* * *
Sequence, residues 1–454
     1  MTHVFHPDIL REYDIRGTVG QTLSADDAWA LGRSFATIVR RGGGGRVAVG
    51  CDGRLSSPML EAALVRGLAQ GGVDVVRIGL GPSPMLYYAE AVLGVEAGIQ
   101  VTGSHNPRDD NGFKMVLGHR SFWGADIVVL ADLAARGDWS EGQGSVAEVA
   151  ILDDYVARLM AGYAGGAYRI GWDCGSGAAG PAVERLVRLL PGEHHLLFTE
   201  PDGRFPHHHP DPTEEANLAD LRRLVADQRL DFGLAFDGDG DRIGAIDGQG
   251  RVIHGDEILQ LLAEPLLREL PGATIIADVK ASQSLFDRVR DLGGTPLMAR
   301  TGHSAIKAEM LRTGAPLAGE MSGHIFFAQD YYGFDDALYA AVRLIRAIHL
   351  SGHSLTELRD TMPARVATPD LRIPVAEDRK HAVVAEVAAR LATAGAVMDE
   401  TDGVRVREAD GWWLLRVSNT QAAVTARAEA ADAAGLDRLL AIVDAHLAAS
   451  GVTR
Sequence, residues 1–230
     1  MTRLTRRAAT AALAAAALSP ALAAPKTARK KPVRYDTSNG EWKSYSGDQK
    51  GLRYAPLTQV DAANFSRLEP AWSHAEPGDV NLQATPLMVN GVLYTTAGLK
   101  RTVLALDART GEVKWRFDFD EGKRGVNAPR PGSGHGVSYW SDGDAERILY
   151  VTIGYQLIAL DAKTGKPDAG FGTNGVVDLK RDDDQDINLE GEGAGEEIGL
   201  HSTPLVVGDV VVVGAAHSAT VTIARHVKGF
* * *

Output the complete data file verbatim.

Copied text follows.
Sequence, residues 1–454
     1  MTHVFHPDIL REYDIRGTVG QTLSADDAWA LGRSFATIVR RGGGGRVAVG
    51  CDGRLSSPML EAALVRGLAQ GGVDVVRIGL GPSPMLYYAE AVLGVEAGIQ
   101  VTGSHNPRDD NGFKMVLGHR SFWGADIVVL ADLAARGDWS EGQGSVAEVA
   151  ILDDYVARLM AGYAGGAYRI GWDCGSGAAG PAVERLVRLL PGEHHLLFTE
   201  PDGRFPHHHP DPTEEANLAD LRRLVADQRL DFGLAFDGDG DRIGAIDGQG
   251  RVIHGDEILQ LLAEPLLREL PGATIIADVK ASQSLFDRVR DLGGTPLMAR
   301  TGHSAIKAEM LRTGAPLAGE MSGHIFFAQD YYGFDDALYA AVRLIRAIHL
   351  SGHSLTELRD TMPARVATPD LRIPVAEDRK HAVVAEVAAR LATAGAVMDE
   401  TDGVRVREAD GWWLLRVSNT QAAVTARAEA ADAAGLDRLL AIVDAHLAAS
   451  GVTR
Sequence, residues 1–230
     1  MTRLTRRAAT AALAAAALSP ALAAPKTARK KPVRYDTSNG EWKSYSGDQK
    51  GLRYAPLTQV DAANFSRLEP AWSHAEPGDV NLQATPLMVN GVLYTTAGLK
   101  RTVLALDART GEVKWRFDFD EGKRGVNAPR PGSGHGVSYW SDGDAERILY
   151  VTIGYQLIAL DAKTGKPDAG FGTNGVVDLK RDDDQDINLE GEGAGEEIGL
   201  HSTPLVVGDV VVVGAAHSAT VTIARHVKGF